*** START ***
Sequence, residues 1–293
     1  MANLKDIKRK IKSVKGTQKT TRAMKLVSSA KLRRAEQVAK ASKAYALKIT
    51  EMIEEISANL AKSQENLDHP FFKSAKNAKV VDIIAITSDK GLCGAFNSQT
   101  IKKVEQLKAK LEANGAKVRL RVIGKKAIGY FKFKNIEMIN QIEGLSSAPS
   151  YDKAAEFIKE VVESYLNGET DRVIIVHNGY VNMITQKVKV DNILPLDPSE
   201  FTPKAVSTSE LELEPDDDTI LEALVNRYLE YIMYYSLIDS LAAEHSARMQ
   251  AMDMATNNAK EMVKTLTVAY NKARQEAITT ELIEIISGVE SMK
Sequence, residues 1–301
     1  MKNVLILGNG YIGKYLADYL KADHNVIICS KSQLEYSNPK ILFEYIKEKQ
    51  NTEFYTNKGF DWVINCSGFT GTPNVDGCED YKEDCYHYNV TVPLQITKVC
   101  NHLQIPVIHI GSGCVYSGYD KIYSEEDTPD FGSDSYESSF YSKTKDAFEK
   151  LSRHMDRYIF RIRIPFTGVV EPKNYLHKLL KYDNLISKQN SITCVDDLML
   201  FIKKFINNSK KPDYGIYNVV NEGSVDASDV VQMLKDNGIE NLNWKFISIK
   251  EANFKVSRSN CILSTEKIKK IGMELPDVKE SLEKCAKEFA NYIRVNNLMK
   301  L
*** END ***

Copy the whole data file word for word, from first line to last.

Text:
Sequence, residues 1–293
     1  MANLKDIKRK IKSVKGTQKT TRAMKLVSSA KLRRAEQVAK ASKAYALKIT
    51  EMIEEISANL AKSQENLDHP FFKSAKNAKV VDIIAITSDK GLCGAFNSQT
   101  IKKVEQLKAK LEANGAKVRL RVIGKKAIGY FKFKNIEMIN QIEGLSSAPS
   151  YDKAAEFIKE VVESYLNGET DRVIIVHNGY VNMITQKVKV DNILPLDPSE
   201  FTPKAVSTSE LELEPDDDTI LEALVNRYLE YIMYYSLIDS LAAEHSARMQ
   251  AMDMATNNAK EMVKTLTVAY NKARQEAITT ELIEIISGVE SMK
Sequence, residues 1–301
     1  MKNVLILGNG YIGKYLADYL KADHNVIICS KSQLEYSNPK ILFEYIKEKQ
    51  NTEFYTNKGF DWVINCSGFT GTPNVDGCED YKEDCYHYNV TVPLQITKVC
   101  NHLQIPVIHI GSGCVYSGYD KIYSEEDTPD FGSDSYESSF YSKTKDAFEK
   151  LSRHMDRYIF RIRIPFTGVV EPKNYLHKLL KYDNLISKQN SITCVDDLML
   201  FIKKFINNSK KPDYGIYNVV NEGSVDASDV VQMLKDNGIE NLNWKFISIK
   251  EANFKVSRSN CILSTEKIKK IGMELPDVKE SLEKCAKEFA NYIRVNNLMK
   301  L